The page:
High savings precede periods of uncontrollable inflation.

          • D 3 months ago

            You’re wrong, they started printing because of the pent up demand after 20’ and 21’, Germany was still in a state of war in 1919,1920 because of communist terrorism and soviet and polish aggressiveness to their rear. When things cooled down the Germans began spending their savings which lead to uptick in prices. The situation soured when France occupied the Ruhr region which was Germany’s industrial hub. What inevitabley happened was a further increase in prices and the government printing more money so wages could keep up with inflation. The rest is history which you and the other poster lack knowledge with.

          • Ian 3 months ago

            Nah. They printed money to stave off deflationary pressures, resulting from high debt loads from the war, and people unwilling to spend due to mass strikes and a lack of housing affordability.

    • Dylan Cooper 3 months ago

      yes, we are all 100 years old and remember it very vividly

      • D 3 months ago

        History repeats itself. All we need now is a big ol’e war.

  • JT 3 months ago

    At BoC press conference right now, Tiff just said he fully expects the recovery to be lead by the consumer. Expecting other economic growth from exports to increase based off of US economic demands to drive business investment and confidence.

    Also, he thinks labour shortage that may lead to wage increases impacting inflation is transitionary not broad based.

  • Tyler Vu 3 months ago

    Marginal propensity to consume is something that’s under disccused. Especially in the narrative of it being used as a downpayment. The top two quintiles are already homeowners if they aren’t under the age of 40. Additional savings don’t convert into new homes.

  • useless stats 3 months ago

    estimates at a macro level like this are pretty much useless…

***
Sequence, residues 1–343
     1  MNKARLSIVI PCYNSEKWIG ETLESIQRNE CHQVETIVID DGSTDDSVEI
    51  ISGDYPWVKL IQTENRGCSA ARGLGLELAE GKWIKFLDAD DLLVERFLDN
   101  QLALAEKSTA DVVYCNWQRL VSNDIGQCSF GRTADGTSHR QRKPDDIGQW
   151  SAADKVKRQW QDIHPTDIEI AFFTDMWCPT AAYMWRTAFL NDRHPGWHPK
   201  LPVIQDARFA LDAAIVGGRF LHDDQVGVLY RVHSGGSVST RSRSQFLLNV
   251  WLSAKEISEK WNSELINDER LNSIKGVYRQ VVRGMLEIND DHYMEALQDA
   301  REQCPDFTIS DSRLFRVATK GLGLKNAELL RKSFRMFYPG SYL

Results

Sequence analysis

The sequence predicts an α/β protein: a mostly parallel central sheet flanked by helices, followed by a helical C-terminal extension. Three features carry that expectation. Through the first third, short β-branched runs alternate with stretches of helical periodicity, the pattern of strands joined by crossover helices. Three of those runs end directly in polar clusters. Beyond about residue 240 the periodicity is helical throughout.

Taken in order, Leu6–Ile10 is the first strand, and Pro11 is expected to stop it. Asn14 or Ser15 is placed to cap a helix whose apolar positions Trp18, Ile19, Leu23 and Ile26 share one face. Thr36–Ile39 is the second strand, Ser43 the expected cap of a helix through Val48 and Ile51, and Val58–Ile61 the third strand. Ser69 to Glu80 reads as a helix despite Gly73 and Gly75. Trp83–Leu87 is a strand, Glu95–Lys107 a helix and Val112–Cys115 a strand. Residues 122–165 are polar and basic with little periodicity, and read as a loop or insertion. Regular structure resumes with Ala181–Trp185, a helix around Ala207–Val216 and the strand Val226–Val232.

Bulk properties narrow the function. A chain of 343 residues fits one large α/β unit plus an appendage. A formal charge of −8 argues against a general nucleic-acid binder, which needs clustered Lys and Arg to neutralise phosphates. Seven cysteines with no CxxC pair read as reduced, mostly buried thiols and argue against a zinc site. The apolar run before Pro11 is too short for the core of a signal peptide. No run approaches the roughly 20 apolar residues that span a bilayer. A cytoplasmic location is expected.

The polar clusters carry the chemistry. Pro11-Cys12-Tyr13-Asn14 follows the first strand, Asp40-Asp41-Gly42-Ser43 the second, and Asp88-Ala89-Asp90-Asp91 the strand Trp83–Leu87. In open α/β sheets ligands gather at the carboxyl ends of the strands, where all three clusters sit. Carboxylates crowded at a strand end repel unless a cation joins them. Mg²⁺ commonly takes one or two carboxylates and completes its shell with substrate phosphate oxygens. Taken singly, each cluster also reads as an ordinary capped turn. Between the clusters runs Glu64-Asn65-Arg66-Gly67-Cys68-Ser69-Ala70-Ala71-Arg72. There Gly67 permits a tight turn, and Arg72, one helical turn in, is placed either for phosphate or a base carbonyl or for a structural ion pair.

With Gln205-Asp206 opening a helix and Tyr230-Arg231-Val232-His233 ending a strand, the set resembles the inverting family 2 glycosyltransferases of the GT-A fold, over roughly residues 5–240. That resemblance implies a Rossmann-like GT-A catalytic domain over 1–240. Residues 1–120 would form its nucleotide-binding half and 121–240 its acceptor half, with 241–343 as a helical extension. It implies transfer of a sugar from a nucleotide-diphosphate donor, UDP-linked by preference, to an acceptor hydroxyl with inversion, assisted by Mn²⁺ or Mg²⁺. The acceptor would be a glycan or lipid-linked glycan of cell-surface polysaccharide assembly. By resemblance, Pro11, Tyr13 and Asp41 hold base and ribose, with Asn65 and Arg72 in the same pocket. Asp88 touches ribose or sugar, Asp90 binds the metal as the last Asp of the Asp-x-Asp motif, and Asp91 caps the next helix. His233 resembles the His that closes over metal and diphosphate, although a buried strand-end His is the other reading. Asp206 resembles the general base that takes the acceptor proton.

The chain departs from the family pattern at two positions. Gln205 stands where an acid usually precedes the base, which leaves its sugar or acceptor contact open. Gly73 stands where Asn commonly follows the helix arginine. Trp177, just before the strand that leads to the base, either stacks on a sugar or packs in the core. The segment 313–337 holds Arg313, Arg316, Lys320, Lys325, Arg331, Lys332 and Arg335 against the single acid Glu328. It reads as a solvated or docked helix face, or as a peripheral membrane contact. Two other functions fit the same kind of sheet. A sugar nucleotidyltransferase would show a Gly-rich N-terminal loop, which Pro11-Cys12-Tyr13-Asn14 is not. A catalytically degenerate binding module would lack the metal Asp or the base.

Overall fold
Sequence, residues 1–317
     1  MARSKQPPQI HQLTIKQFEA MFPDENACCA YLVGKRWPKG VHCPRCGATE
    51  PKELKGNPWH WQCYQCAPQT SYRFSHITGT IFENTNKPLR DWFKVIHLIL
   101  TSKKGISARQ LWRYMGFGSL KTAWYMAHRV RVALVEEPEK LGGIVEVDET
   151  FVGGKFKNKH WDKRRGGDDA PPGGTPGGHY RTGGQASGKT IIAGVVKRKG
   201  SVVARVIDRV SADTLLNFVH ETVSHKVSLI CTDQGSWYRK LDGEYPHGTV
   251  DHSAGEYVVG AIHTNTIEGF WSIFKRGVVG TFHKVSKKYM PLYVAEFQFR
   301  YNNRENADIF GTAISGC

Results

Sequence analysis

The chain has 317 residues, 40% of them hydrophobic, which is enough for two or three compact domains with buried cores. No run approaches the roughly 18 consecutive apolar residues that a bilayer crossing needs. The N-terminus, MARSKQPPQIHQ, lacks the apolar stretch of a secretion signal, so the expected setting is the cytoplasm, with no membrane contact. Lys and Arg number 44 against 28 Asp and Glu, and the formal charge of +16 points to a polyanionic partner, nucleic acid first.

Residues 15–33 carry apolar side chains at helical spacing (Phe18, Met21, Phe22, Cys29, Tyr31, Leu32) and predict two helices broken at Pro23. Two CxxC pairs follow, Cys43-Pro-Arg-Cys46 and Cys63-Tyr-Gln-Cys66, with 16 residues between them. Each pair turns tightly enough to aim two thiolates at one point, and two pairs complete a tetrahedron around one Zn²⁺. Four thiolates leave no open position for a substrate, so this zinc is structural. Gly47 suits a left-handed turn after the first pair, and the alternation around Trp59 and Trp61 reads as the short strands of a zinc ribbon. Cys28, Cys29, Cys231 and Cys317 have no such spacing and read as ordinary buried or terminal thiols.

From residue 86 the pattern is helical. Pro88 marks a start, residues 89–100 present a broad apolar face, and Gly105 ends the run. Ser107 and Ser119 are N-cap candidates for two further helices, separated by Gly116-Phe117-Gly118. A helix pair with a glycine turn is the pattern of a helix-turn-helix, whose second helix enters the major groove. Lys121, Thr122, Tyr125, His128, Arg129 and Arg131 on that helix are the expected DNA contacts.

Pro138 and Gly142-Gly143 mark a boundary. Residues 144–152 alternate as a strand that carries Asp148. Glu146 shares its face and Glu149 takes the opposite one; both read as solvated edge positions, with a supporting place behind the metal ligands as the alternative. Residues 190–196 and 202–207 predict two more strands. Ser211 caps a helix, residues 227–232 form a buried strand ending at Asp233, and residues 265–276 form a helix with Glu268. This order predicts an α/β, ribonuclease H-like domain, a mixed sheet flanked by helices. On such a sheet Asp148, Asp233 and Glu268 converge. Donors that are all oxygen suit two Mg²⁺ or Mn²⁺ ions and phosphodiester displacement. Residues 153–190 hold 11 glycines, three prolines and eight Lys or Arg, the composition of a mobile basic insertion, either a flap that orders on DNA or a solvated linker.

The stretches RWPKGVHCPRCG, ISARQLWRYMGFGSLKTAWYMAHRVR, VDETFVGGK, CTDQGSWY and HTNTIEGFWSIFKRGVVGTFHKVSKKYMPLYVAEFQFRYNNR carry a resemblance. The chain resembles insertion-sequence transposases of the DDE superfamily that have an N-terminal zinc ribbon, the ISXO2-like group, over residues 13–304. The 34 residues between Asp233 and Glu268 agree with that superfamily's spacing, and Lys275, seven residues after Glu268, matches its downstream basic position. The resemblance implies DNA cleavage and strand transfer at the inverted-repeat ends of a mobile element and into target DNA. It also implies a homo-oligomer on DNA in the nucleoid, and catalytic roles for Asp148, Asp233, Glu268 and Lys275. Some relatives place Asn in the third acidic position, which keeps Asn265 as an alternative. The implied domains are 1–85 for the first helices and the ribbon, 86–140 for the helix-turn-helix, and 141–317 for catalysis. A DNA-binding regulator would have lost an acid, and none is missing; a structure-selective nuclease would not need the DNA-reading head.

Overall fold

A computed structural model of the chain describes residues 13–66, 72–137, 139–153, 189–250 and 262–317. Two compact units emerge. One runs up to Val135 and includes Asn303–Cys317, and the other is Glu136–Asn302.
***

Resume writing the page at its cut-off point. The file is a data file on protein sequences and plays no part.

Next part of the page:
• RW 3 months ago

      Macro estimates are useless for determining how the economy functions at the macro level? Canadian public school might be free, but I encounter a lot of people that prove you should just pay for it.

  • Dee 3 months ago

    Rich people are far too clever to blow all their money on consumer goods. They would just buy what they want out of normal income and so should everyone else.

  • Morgan 3 months ago

    Studies of the wealthy consistently show that they don’t just sit on piles of liquid cash. The wealth is in the form of investments, which fuel and grow the economy. So while they did save a lot, it’s been spent on investments rather than consumer goods. Technically each dollar is still going back into the economy, it’s just being more productive first, unlike the broke people who want to eat their money and then complain about the wealthy who used it wisely.

    • Omar 3 months ago

      This is patently untrue. The velocity of capital has never been lower. Middle class people that think they’re rich think the rich are investing. Family offices and big portfolio managers are sitting on epic amounts of cash.

      When the “wealthy” “invest” they give it to their money manager, who will buy or sit on cash. Even Buffett was a net seller, and is sitting on cash.

  • Dan vanMan 3 months ago

    Homes are for living in, not property ponzi n investa-bajillionair .. Stop the Investors, Stop the Slumlords, stop the REIT .. Stop the upper and give Canada back to the mid and lower.. End of story..

Comments are closed.